During a recent visit to Barnes and Noble's, I saw a woman reading a book. Well, I assume it was a book, but I couldn't tell. It turns out that it is impossible to know what other people are doing with their Kindles. (I don't even know which verb to use with Kindle - did the woman "read" her Kindle, did she "use" her Kindle, or did she just "Kindle"?) My memories flew me back to the good old days in London, when the first Harry Potter book had become an overnight sensation. The dozens and dozens of people I'd see on the tube every day, reading their copy - it was like a secret society. I have always been curious about the books others are reading, but the Potter craze was something I had never seen before. I wonder how many people might have picked up their Potters partly because they saw so many people reading theirs. And then, along comes this woman with her Kindle, with her secret, private reading experience.
It is no surprise to anyone, I am sure, that I have profoundly negative feelings toward Kindle and other electronic reading devices. I arrange my books by colour, I am known to sometimes buy a book just because it is pretty, and just in general, I feel very emotional about my books. I get angry if an old book gets a movie adaptation cover, and I feel bad for a book whose cover is ugly. The first thing I did back in university when encountering a new textbook (they were always ugly: they'd only come in paperback, decorated with geometrical designs and horrid pastel colours) was to smell it, in order to somehow make a connection with it. It didn't always end well: I did badly in certain exams just because I couldn't immerse myself in a book that looked and felt offensive. When writing essays, I'd steer my topics toward older research, get fixated on finding some random, old books, go to the university library and take my time to find anything that was old, hardback and if possible, something that hadn't been taken out since the 1960s. The pages of these types of books always felt more substantial. The proper, coarse paper always felt more valuable compared to that smelly, gliding, shiny paper you see in new textbooks. Poems printed on Bible-type paper, thin, silky and smooth, would always seem more sophisticated and delicate than any online version could. The words might have been the same, but the experience wasn't. For whatever reason, the information I found (and used) in the old books would always land me a good grade and notes in the margin: "Excellent bibliography! Thorough research!" I felt that old books at their best were trustworthy, like an old friend, or at their worst, at least scandalous, which I could use to my advantage somehow.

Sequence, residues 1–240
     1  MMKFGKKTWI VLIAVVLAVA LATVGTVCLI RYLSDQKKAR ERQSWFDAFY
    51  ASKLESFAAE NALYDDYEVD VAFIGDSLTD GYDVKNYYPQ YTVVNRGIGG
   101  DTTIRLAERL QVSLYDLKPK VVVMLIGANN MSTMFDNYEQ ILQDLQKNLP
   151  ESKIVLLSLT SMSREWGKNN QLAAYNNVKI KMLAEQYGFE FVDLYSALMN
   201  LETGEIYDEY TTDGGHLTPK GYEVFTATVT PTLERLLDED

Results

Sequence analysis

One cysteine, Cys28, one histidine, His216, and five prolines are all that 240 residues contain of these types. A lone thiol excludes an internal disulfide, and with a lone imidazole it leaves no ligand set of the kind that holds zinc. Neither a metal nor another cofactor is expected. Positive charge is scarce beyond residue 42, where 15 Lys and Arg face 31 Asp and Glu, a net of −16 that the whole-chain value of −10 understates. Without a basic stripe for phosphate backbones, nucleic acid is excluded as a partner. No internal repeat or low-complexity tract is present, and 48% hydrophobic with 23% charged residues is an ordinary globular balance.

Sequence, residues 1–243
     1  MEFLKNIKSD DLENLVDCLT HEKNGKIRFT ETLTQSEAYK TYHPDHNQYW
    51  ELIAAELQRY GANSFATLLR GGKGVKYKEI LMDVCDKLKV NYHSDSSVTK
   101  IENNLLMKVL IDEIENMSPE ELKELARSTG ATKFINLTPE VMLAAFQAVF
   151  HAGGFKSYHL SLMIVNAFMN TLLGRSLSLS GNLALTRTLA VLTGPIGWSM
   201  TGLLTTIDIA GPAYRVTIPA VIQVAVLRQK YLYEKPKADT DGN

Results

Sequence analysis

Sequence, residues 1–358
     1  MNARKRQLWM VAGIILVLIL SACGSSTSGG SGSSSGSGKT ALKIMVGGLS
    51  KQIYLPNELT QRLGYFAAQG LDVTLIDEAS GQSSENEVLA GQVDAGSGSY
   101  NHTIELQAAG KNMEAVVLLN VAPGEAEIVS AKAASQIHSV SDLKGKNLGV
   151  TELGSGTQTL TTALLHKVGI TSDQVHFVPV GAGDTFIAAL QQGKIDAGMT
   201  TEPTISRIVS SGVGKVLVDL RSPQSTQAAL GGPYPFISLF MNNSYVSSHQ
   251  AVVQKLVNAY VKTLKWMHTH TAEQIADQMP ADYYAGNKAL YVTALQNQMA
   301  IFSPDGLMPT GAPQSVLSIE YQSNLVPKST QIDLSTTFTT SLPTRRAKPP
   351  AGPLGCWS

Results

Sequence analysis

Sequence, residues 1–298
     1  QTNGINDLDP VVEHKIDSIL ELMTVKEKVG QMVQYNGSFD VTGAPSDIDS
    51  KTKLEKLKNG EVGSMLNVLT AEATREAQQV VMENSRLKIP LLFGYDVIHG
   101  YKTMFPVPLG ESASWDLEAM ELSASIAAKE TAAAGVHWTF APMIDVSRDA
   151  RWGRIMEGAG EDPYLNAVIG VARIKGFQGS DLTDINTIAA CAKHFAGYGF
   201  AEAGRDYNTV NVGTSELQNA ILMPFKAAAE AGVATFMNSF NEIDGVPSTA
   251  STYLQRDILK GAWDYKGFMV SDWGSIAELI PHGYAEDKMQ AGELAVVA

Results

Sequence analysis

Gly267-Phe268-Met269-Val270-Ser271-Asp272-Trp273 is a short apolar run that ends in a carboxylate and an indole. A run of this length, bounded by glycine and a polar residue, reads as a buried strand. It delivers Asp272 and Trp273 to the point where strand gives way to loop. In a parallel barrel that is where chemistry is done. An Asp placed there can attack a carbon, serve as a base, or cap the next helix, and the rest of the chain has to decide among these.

There is just something very special about a book that was properly printed back in the day. For example, there was that haunting, slightly crooked "k" that was printed unevenly, either above or below the other letters: that "k" would appear from the first page to the last, and to me it would somehow signal the time-consuming process of consideration, that this word, this letter "k", is worth printing. And there is something about a book that was read by others: annoying, badly-chosen underlining, for example. It would never seize to amaze me that some people actually underline an entire paragraph - but I always appreciated that the proof of that action was there, and I'd waste considerable amounts of time trying to figure out why someone would have underlined a particular passage. Ex Libris or other markers of past ownership, bread crubs between the pages, stains, odd smells and the like - to me, these are profoundly interesting and crucial aspects of any reading experience. Of course, most of these can be found only in old books, but with new ones, it is I who gets to leave something behind, for someone else to enjoy or loathe.
And again, I think of the woman and her Kindle. What is rather sad is that after that first moment of curiousity, I haven't given much thought to what she was reading. Instead, I have thought of Kindle and what all of this might mean to the future of books: that one day books will probably be considered profoundly silly and inefficient. I have thought about the last scene of Fahrenheit 451 (ironically, not the book but Truffaut's 1966 movie) where the book-keepers walk around in a bare forest, citing and essentially becoming the books they are trying to keep alive. I have thought about electronics making human memory unnecessary: why memorise anything, why run your finger across printed words when it is so much more convenient to download a text, any text, onto your mobile phone? I have thought about how much I love books, and how depressing it would be to study at the new Applied Engineering and Technology library at the University of Texas - its collection of 425 000 volumes and 18 000 journal articles are only available online.
Top: Max&Co., 2008
Cardigan: Benetton sample sale, 2007
Skirt (actually, it is a dress): Tuuli's old, 2010
Knee socks: H&M
Shoes: Fly London, 2008